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Solarsoft system monitors energy use on all-electric presses

By: Rhoda Miel

April 6, 2012

ORLANDO, FLA. (April 6, 11 a.m. ET) — For years, the makers of all-electric injection molding presses have told molders that they are more efficient. Solarsoft Business Systems now has a monitoring system in place that can not only track the energy use on new presses but the entire press fleet and let molders know for certain where their energy dollars are going.

“We want to help manufacturers improve efficiency,” said Andy Amalfitano general manager of Toronto-based Solarsoft’s manufacturing execution and intelligence division, in an interview at NPE2012 in Orlando. “You need to know what your real energy use is to control it. Without that data, you’re just running blind.”

The Solarsoft Mattec MES monitoring system can be retrofit onto existing systems and track the exact energy usage of each press throughout its day.

With that information, companies can determine which presses are more efficient, how to get the most out of the press, the exact savings of an all-electric machine next to a comparable hydraulic press and even how settings in the machine impact energy costs.

“Here in the U.S., the energy companies charge you based on your peak energy use during the day, so if you start up all your presses at the same time, they’ll charge you for the peak energy used during startup,” Amalfitano said.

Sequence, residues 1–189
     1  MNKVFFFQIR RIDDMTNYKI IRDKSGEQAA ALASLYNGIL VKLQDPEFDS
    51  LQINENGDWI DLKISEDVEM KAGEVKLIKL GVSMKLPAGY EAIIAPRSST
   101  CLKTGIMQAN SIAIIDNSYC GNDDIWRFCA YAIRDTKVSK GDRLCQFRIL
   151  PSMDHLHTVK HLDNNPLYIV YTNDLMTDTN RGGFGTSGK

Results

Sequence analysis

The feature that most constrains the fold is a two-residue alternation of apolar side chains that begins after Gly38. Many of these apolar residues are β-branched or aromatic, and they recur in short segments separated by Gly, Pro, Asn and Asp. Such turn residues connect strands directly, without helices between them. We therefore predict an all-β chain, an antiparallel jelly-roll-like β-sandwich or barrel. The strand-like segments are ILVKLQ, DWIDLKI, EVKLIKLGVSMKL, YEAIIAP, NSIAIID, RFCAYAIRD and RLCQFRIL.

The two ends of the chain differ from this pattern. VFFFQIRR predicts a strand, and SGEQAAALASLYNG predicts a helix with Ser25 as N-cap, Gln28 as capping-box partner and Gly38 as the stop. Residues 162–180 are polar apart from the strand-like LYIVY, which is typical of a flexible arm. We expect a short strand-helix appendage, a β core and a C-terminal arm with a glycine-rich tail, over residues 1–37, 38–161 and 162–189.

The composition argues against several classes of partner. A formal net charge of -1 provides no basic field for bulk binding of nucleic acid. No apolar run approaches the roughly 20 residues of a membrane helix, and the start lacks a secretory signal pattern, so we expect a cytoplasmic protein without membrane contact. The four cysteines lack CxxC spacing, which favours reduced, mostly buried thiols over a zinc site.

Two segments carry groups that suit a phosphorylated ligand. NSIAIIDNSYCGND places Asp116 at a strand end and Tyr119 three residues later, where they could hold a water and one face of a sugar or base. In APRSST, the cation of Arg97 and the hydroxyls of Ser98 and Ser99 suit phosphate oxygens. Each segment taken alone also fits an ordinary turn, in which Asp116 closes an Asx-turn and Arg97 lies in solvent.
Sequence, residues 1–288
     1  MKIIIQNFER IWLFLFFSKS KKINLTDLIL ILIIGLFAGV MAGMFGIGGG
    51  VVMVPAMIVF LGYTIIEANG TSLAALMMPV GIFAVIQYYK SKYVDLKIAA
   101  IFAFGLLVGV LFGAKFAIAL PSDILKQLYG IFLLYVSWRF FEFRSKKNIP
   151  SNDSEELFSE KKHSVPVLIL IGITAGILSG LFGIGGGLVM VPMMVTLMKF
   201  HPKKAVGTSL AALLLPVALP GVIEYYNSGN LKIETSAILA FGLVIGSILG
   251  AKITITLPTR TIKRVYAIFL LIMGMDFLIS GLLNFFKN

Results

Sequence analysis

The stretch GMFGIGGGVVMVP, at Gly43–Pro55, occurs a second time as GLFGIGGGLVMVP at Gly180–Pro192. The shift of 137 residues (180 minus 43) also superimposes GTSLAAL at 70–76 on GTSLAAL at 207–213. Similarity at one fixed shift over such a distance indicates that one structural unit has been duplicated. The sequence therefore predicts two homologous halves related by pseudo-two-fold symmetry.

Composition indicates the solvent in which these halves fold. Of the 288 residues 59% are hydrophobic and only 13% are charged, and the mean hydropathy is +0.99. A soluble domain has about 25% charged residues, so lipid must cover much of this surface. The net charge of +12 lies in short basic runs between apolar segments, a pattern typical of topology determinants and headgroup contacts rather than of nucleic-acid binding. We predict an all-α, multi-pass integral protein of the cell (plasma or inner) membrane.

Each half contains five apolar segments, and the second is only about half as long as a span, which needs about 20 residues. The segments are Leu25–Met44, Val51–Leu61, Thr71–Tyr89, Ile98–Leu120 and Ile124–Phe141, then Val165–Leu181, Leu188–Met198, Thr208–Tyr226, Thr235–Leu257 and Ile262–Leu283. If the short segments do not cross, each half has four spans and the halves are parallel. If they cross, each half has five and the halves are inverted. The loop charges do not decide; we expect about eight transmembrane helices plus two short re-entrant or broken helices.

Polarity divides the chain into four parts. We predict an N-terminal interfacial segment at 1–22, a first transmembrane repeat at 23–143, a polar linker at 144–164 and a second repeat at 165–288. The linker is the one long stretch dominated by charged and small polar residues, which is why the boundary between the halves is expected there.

One of Solarsoft’s clients has noted that he saw his energy use at a European operation climb by $1 million per year, but had no way to track if that increase was due to sheer energy costs climbing overall, or because the plant was running inefficiently.

Staggering press start-up can affect peak usage, but with the energy data on hand, companies can also determine the costs of running a part on third shift rather than first shift.

The software can also help companies figure out the energy use per part, just as they can now calculate the resin costs in each part, he said. Using that information can help them determine the number of cavities in a mold, or the best shot size for peak performance.

Energy use per part is also a big calculation for companies that want to track their carbon footprint – either for their own internal information or in response to requests for “green” credentials from customers.

“You’re saving money but it’s also very ecological and energy friendly,” Amalfitano said.